Did you ever think adolescents with FASD or PAE could practice social and cognitive skills in a virtual environment?
Rianne Spaans is a third-year doctoral student in the School and Clinical Child Psychology program at the University of Alberta thought so! Rianne, under the supervision of Dr. Jacqueline Pei and in collaboration with the “programming geniuses” at Technology in Education Specialization in the faculty of education at the University of Alberta are working to develop and test the effectiveness of a virtual environment intervention that targets social and cognitive skills for adolescents aged 13-18 with fetal alcohol spectrum disorder (FASD) or prenatal alcohol exposure (PAE).
This unique and engaging intervention takes place in a virtual environment, or what Rianne calls a “fancy video game.” The style of the game is mission impossible, where players interact online to solve the crime. Different social and cognitive skills are targeted by the types of games played or tasks completed. Such tasks progress in difficulty, starting off easy and becoming more difficult as the game continues.
Rianne explained one of the games “Car Thief,” that takes place in a chop shop where a team of 5 players works together to catch the bad guy that steals cars. The evidence they find in this particular game takes players through different scenarios such as avoiding guard dogs, disarming cameras and examining documents to find relevant names as clues to solve the case.
Teams of players that work well together catch the bad guy. However, this is not without working on skills such as emotional regulation or attention span. Some games, for example, are designed to induce frustration or distract players from the task at hand by decoys depending on how the team of players works together.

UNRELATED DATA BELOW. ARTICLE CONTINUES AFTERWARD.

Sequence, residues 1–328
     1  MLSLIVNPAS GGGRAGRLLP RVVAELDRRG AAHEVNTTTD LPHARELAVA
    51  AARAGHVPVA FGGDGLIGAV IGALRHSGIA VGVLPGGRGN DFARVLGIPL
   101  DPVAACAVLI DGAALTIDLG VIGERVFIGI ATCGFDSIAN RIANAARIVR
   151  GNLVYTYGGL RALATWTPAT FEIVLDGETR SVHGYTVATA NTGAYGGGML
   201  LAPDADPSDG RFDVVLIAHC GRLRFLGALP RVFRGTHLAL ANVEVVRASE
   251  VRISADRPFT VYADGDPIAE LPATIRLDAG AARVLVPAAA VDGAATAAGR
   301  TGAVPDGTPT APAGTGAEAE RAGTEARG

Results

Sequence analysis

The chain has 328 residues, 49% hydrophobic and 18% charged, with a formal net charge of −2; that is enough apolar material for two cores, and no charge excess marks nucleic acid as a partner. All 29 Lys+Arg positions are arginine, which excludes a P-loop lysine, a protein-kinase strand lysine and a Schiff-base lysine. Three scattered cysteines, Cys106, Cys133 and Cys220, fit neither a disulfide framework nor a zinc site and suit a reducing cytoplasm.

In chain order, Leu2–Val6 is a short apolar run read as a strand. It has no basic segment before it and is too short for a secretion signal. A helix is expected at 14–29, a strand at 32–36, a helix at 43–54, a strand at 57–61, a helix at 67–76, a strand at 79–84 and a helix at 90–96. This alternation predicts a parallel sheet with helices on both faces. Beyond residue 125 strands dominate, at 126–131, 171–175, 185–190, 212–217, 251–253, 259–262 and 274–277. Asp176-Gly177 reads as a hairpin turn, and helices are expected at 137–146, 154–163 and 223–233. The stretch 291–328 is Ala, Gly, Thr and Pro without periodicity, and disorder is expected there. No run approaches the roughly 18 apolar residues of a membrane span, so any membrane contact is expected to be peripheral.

There are also features like a “chill out space” where if players do become frustrated they can take a break.
To top it all off, this virtual environment was entirely developed from scratch, from the storyline and characters to the game programming!
Rianne pointed out that there is a need for interventions that engage adolescents stating “It is understandable why they [adolescents] are not wanting to stay in some intervention programs… most programs are boring.” They are just simply not targeting adolescents interests. Rianne is hoping that this project will expand the kinds of interventions out there for adolescents to include virtual environments. As well as to “jump start the development of interventions that are fun and engaging.”
The study discussed in this blog is titled “Social Skills Intervention for Adolescents: the use of a virtual environment” and is currently adolescents aged 13 up to 18 years old with a diagnosis of FASD or PAE (suspected FASD) recruiting out of the Univeristy of Alberta located in Edmonton.
If you would like more information or to participate in this study, please contact Rianne Spaans at email@example.com
See below for more images from the virtual environment intervention!